The history of Philippine Homing Pigeon Association of the Phils, (PHA) is nostalgic and inspiring. The pioneers led by Jose Montilla, PHA first President, triumphed over the seemingly insurmountable odds when PHA was still at its infancy stage. Mr. Montilla, a member of the Homing Pigeon Club in the Phils established in 1935, actively participated in the club races. The club was organized and supported by General Conrad of the US Army Signal Corps. When the war broke out, the Club ceased and died but the birds from the Loft at Fort Mckinley now popularly known as Fort Bonifacio were distributed to the 20 members. These members patiently bred the pigeons even without the benefit of a club or races.

     After the war, Mr. Montilla acquired three pairs from the US Signal Corps through the help of Gen. McArthur's headquarters. Before the army left the Phils. in the early 1950's US Signal pigeons were given to Montilla and Company. It is notable to think that thousands of our (Filipinos) present pigeons are descendants of these sturdy "GI" birds.

     There is one individual however who purchased racing pigeons from the United States, France and Belgium from 1945 to 1957 who became one of the pillars of PHA. Mr. Eulogio Chua. His stocks definitely improved the local breeds available during that time.  In 1958, them Philippine Homing Pigeon Association (PHA) was established. It was affiliated with American Racing Pigeon Union in the same year. 12 determined individuals formed the core of the association. They are: Jose Montilla, Celso M. Estrella, Eulogio Chua, Salvador Gorostiza, Antonio D. Tengco, Ben Araneta, Peter Yap, Cham Teng Hui, Perfecto Domingo, Nick Bustamante, Tony Dee, and Elias Hechanova.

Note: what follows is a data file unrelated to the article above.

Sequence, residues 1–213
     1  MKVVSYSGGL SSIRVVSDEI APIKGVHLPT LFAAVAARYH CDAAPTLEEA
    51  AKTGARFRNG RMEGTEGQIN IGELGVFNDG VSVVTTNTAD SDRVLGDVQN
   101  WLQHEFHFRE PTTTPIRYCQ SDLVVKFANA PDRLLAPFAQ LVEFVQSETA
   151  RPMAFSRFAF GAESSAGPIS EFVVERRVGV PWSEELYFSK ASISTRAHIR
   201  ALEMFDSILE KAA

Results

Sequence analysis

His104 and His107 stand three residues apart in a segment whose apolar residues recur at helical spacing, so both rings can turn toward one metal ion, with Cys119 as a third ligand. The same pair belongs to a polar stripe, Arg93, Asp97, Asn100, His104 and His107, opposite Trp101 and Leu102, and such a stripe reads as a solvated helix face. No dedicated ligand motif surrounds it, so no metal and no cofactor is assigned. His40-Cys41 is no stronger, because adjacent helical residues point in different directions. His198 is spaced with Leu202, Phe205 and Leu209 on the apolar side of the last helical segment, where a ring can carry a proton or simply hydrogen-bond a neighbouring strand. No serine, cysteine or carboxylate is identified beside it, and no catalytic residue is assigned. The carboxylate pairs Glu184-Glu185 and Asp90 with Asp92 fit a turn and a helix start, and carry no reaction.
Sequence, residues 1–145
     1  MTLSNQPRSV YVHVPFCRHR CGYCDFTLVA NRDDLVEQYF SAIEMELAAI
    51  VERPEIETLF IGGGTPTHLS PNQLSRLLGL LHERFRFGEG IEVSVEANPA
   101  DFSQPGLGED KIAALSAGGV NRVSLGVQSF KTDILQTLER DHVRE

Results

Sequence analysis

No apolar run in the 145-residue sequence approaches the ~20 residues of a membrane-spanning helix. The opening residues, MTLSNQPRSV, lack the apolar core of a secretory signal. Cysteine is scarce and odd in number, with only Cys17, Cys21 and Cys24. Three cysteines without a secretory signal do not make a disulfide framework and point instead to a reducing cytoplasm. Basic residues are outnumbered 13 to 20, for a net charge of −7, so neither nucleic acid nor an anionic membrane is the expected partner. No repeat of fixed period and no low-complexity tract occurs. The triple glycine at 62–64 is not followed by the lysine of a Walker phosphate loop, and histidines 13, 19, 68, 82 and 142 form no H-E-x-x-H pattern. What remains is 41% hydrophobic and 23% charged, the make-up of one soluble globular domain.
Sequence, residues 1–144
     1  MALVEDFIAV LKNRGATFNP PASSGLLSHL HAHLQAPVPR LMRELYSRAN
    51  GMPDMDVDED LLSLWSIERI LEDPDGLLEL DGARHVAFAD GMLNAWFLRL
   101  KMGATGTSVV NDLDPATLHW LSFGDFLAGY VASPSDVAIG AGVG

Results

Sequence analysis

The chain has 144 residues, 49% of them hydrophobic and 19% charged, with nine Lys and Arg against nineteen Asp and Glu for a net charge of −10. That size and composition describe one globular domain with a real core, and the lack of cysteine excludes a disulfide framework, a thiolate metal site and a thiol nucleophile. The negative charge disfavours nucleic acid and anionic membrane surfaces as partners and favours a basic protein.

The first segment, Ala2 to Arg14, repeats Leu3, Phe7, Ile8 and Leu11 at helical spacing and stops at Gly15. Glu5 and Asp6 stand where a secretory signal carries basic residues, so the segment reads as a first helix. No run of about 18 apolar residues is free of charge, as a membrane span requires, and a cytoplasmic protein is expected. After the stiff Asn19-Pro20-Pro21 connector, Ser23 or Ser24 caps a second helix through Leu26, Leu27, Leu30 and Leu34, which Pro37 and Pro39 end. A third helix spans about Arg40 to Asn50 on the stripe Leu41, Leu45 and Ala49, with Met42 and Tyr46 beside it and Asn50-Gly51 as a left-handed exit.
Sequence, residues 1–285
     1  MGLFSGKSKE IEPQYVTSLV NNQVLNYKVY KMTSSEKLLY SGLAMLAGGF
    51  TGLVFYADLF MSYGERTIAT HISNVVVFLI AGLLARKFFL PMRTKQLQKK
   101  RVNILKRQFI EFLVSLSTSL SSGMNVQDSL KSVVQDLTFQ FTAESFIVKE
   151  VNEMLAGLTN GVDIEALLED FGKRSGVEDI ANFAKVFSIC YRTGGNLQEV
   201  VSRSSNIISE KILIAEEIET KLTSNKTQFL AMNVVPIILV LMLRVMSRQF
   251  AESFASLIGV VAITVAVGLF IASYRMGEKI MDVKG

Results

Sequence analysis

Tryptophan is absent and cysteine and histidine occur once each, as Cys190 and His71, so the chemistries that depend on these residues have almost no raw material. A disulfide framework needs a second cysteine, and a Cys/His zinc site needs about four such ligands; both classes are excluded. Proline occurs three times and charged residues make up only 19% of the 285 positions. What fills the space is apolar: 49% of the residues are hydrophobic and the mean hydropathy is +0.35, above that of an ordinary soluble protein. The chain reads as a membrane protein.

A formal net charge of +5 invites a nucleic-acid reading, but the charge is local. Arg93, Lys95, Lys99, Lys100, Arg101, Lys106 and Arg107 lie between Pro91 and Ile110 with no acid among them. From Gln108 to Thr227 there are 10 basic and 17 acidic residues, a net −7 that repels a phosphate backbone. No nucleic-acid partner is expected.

All of these men pooled their resources and interests together. The club encountered some problems with the police and the defunct Philippine Constabulary which ignorantly thought that the birds were used for illegal activities. It was only in 1960 when the club was formally registered with the Securities & Exchange Commission as a non-stock organization. There were 15 active members who held regular races in Southern Luzon- Gumaca, Naga and Legaspi. Using PNR trains, a few hundred pigeons in 15 or more baskets were entered. There were no loft distance, no timers and telephone calls were the basis in determining the winners. Members living in the southern fringes of Manila had definitely the advantage. They won all the races.

     The races were shifted to the North in 1960 to extend race distance and due to better travel time with buses flying the  North. Using the services of a land surveyor contacted by Cham Teng Hui, accurate distances between release points and lofts were adopted. For another year, telephone calls were still used in determining the winners. Again, thru the efforts of Mr. Cham Teng Hui, second hand but still reliable timers from Belgium were sold to members in 1962. Scientific and accurate racing has arrived in the Philippines.

excerpt  from "PHA 40 Glorious years"

 Contributed by Erwin Miranda